Review: ‘F9’ is F’n Nuts
Zzzrp Zzzrrp Zzzrrp! Roman Pearce (Tyrese Gibson) and Tej Parker (Chris “Ludacris” Bridges) are cruising in a Pontiac Fiero, riding above a big ass jet at a super high altitude with rocket boosters strapped to their vehicle, as one does. Tej spots a hole in his yellow rubber suit and immediately fixes it with duct tape. “You’re acting like you’re on your way to Home Depot,” Roman snips, while (albeit rationally) expressing his concerns that their slightly modified deep sea diving gear isn’t designed for what they’re about to do. But Tej assures him it’ll work, “You might blow up a little, that’s all.” Concerns aside, the exchange is rather casual despite the fact that they’re about to pull off an irrationally bonkers, batshit crazy and outright ludicrous ACME rocket stunt that requires physics only quantifiable in a Warner Bros. cartoon. But then again, what’s to worry? This is “F9”, the ninth installment of the “Fast & Furious” franchise (tenth if you count whatever “Hobbs & Shaw” was), even if Tej and Roman die, the producers will surely find a way to bring them back in “F11”. And with that, Roman hits the Nos button and the two former street racers, now spies detach from the plane and bast off into space in order to crack a satellite that must be hacked in close range, for reasons.
It’s hard to believe that when the series began, twenty years ago as of this year, that the biggest stunt was a Honda Civic racing under a semi-truck. “The Fast and the Furious”, a sleeper hit back in 2001, seems so small and grounded in comparison to its later sequels. Back then, as old memes will surely remind you, it was about a gang of street racers, led by Vin Diesel’s Dominic Toretto, stealing shipments of VCRs and those little tiny box TVs. Since then, the trajectory of the series has evolved from drug dealers to daring heists, tanks, international spies, submarine battles, genetically-enhanced super soldiers, and now a voyage to outer space.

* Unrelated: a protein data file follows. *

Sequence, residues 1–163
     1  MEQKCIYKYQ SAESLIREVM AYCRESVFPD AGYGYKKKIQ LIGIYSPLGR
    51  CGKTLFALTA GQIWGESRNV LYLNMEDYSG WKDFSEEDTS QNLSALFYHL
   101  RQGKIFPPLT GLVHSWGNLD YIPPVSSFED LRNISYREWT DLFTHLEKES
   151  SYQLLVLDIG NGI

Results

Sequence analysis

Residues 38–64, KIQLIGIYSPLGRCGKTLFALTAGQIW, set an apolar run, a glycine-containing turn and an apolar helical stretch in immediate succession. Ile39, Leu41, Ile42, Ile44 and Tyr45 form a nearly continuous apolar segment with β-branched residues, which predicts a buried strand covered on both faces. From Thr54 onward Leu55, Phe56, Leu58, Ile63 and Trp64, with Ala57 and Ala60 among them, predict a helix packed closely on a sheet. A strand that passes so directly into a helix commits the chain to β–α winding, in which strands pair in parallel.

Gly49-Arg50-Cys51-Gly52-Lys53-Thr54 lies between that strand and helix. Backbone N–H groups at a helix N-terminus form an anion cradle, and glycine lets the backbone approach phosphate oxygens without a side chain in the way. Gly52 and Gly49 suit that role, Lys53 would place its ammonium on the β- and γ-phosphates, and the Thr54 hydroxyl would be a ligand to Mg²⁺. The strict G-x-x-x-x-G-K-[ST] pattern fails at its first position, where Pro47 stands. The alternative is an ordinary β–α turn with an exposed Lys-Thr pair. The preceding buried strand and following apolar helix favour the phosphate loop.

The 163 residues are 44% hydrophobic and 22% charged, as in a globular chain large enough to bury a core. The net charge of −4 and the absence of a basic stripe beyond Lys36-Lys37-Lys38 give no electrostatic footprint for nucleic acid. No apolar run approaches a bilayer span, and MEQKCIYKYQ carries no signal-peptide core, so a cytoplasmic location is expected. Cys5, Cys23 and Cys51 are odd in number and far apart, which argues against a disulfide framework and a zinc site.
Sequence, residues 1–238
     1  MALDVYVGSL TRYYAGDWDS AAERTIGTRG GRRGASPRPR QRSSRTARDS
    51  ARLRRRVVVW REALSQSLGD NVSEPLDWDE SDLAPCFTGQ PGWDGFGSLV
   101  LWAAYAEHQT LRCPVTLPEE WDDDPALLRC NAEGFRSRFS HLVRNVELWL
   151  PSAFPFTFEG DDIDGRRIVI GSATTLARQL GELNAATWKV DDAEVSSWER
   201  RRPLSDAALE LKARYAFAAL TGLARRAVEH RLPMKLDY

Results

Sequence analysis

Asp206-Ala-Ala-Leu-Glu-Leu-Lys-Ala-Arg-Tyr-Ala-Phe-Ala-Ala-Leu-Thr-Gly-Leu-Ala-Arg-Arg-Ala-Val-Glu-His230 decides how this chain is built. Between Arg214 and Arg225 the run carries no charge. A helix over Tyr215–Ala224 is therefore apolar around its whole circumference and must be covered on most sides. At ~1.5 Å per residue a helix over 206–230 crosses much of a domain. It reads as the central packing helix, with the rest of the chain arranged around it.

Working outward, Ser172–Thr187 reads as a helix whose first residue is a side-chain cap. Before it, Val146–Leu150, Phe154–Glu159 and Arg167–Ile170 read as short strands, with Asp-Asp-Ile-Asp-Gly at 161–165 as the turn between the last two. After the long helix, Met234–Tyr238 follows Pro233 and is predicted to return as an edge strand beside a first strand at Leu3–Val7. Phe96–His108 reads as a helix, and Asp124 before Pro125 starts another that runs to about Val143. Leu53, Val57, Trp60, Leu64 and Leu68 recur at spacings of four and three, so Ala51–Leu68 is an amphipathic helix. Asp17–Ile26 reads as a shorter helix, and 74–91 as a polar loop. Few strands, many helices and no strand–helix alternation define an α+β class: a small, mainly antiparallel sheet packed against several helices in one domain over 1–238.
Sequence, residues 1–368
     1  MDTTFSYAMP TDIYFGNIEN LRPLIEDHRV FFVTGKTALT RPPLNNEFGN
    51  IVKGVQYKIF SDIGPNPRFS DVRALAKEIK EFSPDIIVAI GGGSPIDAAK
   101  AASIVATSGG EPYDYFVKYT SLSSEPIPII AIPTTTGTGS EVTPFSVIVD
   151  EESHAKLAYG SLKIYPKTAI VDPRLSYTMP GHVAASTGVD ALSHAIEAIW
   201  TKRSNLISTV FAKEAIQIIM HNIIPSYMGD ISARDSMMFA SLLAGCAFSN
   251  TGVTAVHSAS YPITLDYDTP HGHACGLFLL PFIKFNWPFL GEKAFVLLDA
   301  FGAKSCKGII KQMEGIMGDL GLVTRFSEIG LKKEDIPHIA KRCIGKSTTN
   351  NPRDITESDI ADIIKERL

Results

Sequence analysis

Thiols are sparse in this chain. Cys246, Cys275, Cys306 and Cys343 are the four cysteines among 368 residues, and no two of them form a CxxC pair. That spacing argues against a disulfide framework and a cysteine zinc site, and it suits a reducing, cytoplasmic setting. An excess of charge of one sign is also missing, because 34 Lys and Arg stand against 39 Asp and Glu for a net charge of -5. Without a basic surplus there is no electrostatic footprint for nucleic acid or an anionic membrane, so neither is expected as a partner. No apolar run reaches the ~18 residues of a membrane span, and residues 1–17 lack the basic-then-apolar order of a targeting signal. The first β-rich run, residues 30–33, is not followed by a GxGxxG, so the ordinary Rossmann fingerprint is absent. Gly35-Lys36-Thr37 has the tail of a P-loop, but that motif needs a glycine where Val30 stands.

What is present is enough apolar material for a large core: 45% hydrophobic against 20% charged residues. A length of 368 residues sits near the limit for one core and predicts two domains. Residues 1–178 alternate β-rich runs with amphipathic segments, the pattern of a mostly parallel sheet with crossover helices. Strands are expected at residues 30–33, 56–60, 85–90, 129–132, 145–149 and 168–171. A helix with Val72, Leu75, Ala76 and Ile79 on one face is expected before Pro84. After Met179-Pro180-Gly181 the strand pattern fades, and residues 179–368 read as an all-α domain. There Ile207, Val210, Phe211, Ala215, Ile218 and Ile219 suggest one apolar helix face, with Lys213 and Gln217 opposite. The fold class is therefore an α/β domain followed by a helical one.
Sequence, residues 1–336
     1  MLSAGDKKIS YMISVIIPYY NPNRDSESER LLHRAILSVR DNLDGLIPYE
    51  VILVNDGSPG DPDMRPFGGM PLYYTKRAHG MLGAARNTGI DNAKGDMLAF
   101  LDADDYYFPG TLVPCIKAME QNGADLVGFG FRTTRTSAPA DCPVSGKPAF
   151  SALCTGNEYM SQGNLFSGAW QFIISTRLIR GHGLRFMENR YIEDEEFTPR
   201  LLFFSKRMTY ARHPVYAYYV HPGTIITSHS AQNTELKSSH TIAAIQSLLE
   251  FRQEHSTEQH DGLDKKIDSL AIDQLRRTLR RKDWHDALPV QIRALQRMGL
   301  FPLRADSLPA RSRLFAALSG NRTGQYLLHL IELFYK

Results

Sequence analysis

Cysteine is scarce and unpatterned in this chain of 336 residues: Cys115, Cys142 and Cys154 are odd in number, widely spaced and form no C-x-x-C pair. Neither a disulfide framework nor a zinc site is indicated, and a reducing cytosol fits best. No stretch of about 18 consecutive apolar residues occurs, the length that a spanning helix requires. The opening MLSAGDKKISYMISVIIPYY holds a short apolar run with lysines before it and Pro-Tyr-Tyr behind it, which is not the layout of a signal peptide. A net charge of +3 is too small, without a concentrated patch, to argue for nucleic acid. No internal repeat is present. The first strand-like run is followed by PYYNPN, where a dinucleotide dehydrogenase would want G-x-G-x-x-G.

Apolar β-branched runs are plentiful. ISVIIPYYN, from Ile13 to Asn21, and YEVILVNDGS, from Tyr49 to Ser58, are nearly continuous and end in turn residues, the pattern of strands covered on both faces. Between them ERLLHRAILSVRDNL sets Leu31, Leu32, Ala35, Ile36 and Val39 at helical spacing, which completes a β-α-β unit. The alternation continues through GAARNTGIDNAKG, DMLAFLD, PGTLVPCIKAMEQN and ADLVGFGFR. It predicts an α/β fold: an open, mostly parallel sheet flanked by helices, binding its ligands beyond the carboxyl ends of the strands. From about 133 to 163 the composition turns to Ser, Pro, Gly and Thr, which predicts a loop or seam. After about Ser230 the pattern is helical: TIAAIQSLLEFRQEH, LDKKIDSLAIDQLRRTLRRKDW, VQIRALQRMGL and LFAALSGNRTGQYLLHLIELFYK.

But the “Fast & Furious” series has also evolved in another way, as it transcended from movies with forcibly “cool” titles about characters who drive fast cars and act tough, talk tough to intentionally ironic feel-good summer capers about a ragtag group of friends who are like, dramatic pause, “family.” Yes, it’s true you could play a very dangerous drinking game centered around the amount of times Diesel says the word “family” in these films, but the fellowship and camaraderie of these characters is the most enduring part of this speed demon franchise, and perhaps the reason why the most recent sequels are genuine guilty pleasures rather than bonafide trash heap.
While previous entries have focused on Dom’s surrogate family (save for “The Fate of the Furious”, which introduced his baby boy, Brian Toretto, who is conveniently sidelined in this film), “F9” deals with his literal family, pitting Toretto against his prodigal brother, Jakob (John Cena). Dom and Jakob had a bit of a falling out after their father’s death (a backstory told in the original “The Fast and the Furious”, now seen in a series of flashbacks, with a few extra details and a young actor who looks nothing like Vin Diesel). In the real world, Jakob would be just some guy living near Milwaukee and working at Auto Zone, and the two would simply reconnect on Facebook after years of not talking to each other. But no, Jakob is now a dangerous super-spy and the Torettos’ way of “reconnecting” is smashing each other’s faces through walls.